My grandmother has senile dementia.

She can be given a cup of coffee, drink a couple of sips and throw the rest of the cup down the drain. She will then claim she has not had anything to drink. She can do this all day, through a full pot of coffee and still be steadfast in her determination that she has not had a single cup of coffee throughout the day. She has sat with me and spent a fair ten minutes describing her previous day’s activity in detail, going out to the store with a friend, having lunch at the local café and then having her hair cut and blow dried.

But none of it actually happened.

Her mind is a jumble. Scrambled. Like someone has popped a spoon into her head and given all of her thoughts a stir around.

My mother looks after her full time now. It takes its toll on her, weighs her down. She tells me in no uncertain terms “I do not want to end my life like this”. It worries her. And selfishly it worries me too; I would not want to see my mum confused and scared, I am not sure I have as much grit and determination to stand up to it as my mum does.  

Likewise, I would hope not to end my life like that, unable to recall all of the precious memories that you spent a lifetime building. It is actually one of the things that I hold on to as I march ever onwards and upwards in the age stakes. Taking time to try and have some mind-blowing, amazing and unforgettable experiences, so when I reach a point where I no longer am physically able, I will recall them all fondly in my mind and sit and nod my head and say “I’ve had a good life.”

But what happens if I can’t?

In 2012 I chose to blog about my experience of hiking the Appalachian Trail, and I did so for two reasons:

The first, so that both my parents wouldn’t have an apoplectic fit. I thought that if they could read from my own fingertips how much I was enjoying the lovely easy stroll through the very  un-dangerous, non-life threatening wilderness with my wonderfully safe (and possibly CRB checked friends) I had met, and with no bear, snake or axe wielding manic in sight, they would be pacified.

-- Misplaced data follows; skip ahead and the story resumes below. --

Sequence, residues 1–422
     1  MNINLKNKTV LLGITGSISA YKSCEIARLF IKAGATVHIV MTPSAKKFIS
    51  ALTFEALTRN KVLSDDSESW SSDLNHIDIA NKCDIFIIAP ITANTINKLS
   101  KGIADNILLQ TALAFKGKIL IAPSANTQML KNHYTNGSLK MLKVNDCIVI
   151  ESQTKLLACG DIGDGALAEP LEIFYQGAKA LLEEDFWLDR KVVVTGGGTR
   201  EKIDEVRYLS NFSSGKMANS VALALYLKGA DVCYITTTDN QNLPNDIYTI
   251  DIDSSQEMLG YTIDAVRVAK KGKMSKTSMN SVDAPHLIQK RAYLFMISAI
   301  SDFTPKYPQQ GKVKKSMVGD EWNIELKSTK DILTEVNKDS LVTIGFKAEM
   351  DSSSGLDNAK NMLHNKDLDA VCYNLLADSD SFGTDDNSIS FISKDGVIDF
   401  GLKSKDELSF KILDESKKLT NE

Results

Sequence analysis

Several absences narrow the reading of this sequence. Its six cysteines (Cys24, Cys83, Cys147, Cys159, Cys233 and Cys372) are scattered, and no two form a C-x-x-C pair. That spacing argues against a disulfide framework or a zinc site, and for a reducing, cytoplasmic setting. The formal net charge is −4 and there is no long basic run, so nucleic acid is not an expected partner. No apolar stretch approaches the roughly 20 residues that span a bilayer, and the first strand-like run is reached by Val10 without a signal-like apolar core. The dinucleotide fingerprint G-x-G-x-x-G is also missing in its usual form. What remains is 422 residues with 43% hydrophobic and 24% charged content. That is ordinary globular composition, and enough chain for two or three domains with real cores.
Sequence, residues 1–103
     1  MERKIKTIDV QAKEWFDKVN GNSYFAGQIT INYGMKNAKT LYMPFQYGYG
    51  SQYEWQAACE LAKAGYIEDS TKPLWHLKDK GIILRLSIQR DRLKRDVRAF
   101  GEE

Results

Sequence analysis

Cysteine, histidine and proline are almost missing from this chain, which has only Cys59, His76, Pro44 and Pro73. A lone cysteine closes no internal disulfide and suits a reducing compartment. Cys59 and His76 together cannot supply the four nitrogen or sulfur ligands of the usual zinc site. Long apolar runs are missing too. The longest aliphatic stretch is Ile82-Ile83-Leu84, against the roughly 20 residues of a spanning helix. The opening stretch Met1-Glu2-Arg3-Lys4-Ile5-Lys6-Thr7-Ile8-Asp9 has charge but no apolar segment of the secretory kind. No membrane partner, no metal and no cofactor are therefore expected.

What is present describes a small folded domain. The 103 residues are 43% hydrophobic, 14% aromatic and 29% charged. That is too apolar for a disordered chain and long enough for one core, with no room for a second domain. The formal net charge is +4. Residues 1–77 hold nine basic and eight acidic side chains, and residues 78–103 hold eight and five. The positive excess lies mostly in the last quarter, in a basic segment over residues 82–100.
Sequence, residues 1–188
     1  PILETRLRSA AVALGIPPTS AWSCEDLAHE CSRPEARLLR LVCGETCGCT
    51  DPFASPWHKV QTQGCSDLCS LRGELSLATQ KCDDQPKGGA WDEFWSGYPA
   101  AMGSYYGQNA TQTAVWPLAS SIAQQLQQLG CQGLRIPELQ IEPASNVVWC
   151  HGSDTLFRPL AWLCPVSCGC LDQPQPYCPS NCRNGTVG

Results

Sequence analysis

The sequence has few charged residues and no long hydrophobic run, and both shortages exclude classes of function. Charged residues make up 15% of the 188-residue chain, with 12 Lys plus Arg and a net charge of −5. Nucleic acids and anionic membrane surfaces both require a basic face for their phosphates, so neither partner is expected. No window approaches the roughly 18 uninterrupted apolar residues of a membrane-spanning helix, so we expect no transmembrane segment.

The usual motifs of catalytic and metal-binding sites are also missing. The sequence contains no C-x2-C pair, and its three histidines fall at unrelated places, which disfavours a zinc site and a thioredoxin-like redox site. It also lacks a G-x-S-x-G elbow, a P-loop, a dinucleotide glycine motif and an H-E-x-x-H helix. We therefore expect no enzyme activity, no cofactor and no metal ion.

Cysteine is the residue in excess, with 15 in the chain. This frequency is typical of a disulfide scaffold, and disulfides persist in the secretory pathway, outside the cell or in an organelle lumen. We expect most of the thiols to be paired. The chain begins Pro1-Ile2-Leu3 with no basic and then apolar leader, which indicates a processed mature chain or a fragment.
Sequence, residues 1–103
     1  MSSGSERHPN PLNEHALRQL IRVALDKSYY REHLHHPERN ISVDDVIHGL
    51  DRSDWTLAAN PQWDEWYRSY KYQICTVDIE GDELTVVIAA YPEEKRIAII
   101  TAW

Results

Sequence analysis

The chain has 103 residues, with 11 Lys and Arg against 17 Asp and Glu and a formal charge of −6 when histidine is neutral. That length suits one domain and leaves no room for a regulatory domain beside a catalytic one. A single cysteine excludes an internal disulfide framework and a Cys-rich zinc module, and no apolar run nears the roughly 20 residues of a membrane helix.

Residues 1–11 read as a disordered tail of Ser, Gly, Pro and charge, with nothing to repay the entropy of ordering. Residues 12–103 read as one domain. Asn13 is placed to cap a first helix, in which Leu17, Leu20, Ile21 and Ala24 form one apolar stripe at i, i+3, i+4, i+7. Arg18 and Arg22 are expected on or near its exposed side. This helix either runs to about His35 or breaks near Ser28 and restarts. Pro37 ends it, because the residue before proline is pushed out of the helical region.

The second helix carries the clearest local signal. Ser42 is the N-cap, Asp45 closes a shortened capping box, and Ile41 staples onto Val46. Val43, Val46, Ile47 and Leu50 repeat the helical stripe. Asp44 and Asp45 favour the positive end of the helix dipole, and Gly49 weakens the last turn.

Secondly, I wanted my blog to be used simply as a communication tool to my friends, family and hiking community at large. I myself had been able to gain much knowledge and confidence from reading other peoples experiences and thoughts from the trail before my hike, I felt it only fair I try to bring my own brand of wisdom and forewarning to all those considering the 2,000 mile hike in the future.

However, something unexpected happened with my blog – people liked it. They actually read my words and told me they could feel what I felt and see what I saw; that their imaginations were brought to life with my words and they could experience my trail story for real for themselves.

It was a phenomenal discovery for me.

In fact for some people, they enjoyed my adventures so much, I had people turn up on the trail to help me, or simply hike out there just to meet me. It was crazy – in the best possible way! I had huge amounts of encouragement and support from people I had never even met which helped carry me along in my journey (and admittedly for a while after it too). And even though that alone gave rise to feelings inside me I didn’t know I had; like a little fire under my heart keeping it warm and glowing, I also had another amazing realisation. I liked my blog too.

I cannot tell you how many evenings I collapsed onto the ground with weary legs, aching back, growling stomach and drooping eyelids telling myself I wanted nothing more than to fall face first into my sleeping bag, only to have Loops muttering beside me “Do your blog, you’ll regret it if you don’t.”  And as much as I desperately wanted to rub my smelly 6 month sweat soaked t-shirt into his face for making me haul myself up and write every night, now I couldn’t thank him enough if I tried.

Every time I feel a little glum, the dreary grey winter sky gets me down, or I’ve spent another 8 hours in front of a computer writing a meaningless report and facing an hour in the car home in traffic, or possibly I’ve just realised for the 100th time that even when I get home Loops won’t be there because he’s stuck in the USA still; I can read my blog. I can re-meet all of my trail buddies, trail angels and all those snorers I wanted to smother in the shelters.  I can eat ice cream at almost every town along the trail, bask in the glory of being able to carry out the fastest food resupply known to man and pee outdoors any time I want.  I can climb every cursed mountain, traverse slippery boulders and ridges and sweat buckets or suffer the early stages of hypothermia.

I can sit for as long as I wish, anytime I like, day or night, rain or shine and I can relive each and every step on the trail. It is priceless and never ending. It is there, so if ever there is a time when I cannot recall that part of my life and I am confused as to what I may have done or not done, someone can place it into my hands like a good book and say, ‘Read that’, and I will be able to have an amazing adventure all over again.

And so what is all of this meant to tell you?

Simply that I would encourage you all to do the same. To live your life to the fullest that you possibly can, whatever that may mean for you. To hold tight to your memories, in whatever way you are able, because one day they might begin to slip through your fingers.

Published by Arabel Mortimer